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Churches could hold key to salvation for the Left

  • 30 October 2006

After three decades that have seen neo-liberalism and social conservatism become dominant, where can we expect a new progressive politics to come from? What social movement or popular yearning could generate such a politics in an affluent society characterised by profound loss of meaning?

When we consider the existing major social movements, it seems to me that the new politics cannot be found in environmentalism, crucial though the environment movement is to our future. Nor can it be found in the social democratic model of the trade unions, important as they are in protecting the interests of their members. ACOSS and the welfare sector are to be admired for standing up for the underprivileged, but in an affluent society welfarism cannot be expected to motivate far-reaching political change.

But, despite the suspicion of many progressives, the churches could be the answer. Traditionally, the churches have attended to and represented the deeper aspects of life, those that transcend the individualism, materialism and selfishness that so characterise modern affluent societies. It is in this transcendent concern that I believe we can find the roots of a new progressive politics—not in the institutions of the churches themselves but by rediscovering those aspects of life that, at their best, the churches articulate and cultivate.

The old model of the "Left" is based on the idea that the principal problem of modern society is material deprivation. In a past era this was justified, but in rich countries like Australia the opposite is the case. So the model that many progressives have operated on is out of date and irrelevant. The principal social and personal problems we now face arise out of the sicknesses of affluence—over-consumption, wastefulness, materialism, selfishness, and loss of meaning.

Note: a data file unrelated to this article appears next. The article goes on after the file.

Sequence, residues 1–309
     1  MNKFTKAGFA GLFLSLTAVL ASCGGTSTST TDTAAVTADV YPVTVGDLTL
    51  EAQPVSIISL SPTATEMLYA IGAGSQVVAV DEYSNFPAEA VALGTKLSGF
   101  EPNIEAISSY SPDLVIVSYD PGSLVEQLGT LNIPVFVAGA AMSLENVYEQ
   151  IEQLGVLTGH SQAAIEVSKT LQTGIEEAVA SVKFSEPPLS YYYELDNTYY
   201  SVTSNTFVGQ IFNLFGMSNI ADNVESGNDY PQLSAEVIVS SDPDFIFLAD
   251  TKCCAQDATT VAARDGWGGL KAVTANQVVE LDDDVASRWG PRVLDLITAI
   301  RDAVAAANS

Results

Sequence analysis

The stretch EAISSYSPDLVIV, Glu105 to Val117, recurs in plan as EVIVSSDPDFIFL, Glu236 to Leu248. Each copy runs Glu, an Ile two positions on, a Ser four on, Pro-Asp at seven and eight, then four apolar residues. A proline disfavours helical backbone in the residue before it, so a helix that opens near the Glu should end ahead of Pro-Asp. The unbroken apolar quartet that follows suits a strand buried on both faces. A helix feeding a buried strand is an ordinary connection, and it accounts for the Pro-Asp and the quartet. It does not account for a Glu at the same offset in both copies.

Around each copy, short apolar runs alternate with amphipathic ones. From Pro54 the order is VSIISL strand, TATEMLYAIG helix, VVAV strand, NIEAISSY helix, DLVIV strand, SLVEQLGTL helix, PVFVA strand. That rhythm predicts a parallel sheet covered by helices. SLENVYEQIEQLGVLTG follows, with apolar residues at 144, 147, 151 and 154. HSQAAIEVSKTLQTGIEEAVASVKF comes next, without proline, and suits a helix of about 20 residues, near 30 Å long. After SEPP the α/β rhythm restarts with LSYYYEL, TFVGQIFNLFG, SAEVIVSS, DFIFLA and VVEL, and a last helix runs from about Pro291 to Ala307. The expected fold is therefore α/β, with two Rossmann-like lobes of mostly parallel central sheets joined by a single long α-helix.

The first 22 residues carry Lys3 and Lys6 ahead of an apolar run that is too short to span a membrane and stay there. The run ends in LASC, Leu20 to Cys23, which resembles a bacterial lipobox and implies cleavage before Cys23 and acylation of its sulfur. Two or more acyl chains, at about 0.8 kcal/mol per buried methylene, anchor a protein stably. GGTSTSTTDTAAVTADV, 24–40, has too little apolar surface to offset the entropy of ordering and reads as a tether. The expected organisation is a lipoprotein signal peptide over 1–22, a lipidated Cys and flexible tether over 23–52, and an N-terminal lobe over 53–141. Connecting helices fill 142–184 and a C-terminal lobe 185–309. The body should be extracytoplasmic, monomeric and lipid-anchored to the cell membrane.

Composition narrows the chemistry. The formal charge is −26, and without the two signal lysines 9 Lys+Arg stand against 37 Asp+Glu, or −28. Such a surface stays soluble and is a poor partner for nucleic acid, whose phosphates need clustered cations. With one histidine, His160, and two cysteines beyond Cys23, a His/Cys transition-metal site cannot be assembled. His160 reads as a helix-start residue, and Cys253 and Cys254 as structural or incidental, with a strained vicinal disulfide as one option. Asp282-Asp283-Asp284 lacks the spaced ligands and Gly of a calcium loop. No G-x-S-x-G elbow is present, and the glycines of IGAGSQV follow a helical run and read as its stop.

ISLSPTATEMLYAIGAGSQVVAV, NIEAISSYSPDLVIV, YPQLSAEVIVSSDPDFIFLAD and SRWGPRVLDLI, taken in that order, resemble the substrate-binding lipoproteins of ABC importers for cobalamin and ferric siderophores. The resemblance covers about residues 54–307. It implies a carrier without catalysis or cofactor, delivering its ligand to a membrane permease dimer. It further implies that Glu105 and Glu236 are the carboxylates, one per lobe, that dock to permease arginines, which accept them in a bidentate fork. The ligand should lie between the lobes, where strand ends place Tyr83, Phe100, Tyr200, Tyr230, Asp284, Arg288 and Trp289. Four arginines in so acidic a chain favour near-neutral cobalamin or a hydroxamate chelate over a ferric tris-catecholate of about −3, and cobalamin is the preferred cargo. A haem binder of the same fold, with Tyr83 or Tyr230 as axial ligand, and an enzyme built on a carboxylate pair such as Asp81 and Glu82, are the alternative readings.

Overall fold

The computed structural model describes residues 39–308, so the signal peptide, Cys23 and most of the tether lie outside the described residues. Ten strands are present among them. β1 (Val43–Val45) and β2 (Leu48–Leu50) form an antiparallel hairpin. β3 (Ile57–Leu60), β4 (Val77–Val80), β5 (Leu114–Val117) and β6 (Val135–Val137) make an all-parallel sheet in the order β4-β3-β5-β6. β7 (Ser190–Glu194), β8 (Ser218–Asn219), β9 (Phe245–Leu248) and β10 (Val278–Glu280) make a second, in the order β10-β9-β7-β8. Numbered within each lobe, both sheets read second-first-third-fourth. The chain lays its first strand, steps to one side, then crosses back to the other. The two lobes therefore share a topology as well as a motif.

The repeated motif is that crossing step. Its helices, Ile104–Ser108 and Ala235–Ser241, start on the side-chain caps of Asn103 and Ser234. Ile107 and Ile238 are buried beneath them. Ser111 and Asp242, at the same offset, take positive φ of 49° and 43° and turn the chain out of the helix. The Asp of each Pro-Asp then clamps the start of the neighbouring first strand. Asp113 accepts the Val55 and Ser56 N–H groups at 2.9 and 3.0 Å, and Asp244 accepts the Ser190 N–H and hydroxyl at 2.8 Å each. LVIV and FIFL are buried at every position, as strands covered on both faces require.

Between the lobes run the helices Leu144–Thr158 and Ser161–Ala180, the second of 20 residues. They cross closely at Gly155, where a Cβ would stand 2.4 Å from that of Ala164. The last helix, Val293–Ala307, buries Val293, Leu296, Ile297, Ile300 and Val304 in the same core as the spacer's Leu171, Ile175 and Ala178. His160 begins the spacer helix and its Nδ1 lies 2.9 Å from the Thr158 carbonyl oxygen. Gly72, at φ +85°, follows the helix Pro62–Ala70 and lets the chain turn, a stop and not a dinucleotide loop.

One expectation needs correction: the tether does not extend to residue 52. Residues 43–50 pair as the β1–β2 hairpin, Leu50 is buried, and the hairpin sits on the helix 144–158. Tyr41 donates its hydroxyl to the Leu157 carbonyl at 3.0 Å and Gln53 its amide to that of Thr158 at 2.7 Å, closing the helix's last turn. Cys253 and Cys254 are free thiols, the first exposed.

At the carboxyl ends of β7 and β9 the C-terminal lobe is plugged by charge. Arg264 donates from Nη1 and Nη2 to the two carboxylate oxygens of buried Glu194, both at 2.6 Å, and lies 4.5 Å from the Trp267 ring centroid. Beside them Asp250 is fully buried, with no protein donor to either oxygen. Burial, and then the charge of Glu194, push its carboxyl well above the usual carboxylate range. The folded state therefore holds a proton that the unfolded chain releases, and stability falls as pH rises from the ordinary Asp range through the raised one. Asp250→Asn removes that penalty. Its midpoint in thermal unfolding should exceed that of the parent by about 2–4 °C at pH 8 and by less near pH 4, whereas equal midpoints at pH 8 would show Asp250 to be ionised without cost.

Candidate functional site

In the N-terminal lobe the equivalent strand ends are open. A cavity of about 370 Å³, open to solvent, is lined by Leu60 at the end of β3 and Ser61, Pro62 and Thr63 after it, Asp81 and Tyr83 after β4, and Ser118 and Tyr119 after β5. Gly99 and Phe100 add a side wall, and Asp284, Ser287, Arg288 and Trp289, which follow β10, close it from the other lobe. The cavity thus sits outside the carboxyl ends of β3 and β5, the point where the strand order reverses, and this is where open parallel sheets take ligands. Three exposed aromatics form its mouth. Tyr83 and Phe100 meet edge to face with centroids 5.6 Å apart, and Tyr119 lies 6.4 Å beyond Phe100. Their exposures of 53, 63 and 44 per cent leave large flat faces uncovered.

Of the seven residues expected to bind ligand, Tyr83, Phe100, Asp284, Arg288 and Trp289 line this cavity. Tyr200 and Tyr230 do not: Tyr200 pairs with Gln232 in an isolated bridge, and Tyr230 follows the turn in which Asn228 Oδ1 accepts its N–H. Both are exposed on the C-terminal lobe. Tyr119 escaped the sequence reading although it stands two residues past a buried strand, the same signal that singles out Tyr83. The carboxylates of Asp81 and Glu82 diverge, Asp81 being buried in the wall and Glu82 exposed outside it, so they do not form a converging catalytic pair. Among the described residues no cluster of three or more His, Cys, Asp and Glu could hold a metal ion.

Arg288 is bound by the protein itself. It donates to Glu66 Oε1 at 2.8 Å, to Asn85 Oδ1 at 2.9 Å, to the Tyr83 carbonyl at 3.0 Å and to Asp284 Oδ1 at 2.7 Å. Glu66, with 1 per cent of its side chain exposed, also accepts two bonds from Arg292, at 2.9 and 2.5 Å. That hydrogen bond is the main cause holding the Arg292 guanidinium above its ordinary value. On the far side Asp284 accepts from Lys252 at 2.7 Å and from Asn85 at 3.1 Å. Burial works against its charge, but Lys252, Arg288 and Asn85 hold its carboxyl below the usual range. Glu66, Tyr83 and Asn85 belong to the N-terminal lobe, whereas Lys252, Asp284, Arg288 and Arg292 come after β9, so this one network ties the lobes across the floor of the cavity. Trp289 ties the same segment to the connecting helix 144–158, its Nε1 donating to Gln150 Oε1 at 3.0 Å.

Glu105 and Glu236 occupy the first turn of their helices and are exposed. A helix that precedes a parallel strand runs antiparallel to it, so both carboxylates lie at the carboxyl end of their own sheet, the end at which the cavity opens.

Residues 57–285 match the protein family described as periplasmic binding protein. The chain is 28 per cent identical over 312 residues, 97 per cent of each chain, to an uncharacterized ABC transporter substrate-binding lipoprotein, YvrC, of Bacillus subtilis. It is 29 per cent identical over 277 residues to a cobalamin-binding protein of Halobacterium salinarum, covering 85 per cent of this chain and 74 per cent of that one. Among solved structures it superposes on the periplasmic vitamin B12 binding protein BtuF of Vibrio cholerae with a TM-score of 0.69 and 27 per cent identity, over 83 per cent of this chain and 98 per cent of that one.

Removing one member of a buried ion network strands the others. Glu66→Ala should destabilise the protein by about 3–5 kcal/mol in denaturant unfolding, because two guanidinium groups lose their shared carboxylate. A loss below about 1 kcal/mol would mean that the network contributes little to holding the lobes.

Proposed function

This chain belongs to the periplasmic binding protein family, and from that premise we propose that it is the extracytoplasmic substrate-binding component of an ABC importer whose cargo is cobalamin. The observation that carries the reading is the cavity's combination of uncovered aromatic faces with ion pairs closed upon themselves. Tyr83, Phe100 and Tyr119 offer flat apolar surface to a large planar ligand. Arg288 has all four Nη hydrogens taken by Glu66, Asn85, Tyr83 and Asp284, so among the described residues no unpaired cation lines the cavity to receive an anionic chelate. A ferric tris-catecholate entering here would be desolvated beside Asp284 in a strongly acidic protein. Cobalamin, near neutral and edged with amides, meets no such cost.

For decades we were promised that if only we attended to the economy and pursued higher incomes, then we would be happy. But the tragedy is that we are not. In fact, now that most people in rich countries have conquered material deprivation we see a rash of psychological disorders and a pervasive emptiness in everyday life. This is the great contradiction of modern society.

The churches remain the repository of the deeper understanding of life that once motivated some elements of the Left. There has always been a tradition in the Left to focus on alienation, the sense of the loss of self. And we can use this idea to understand the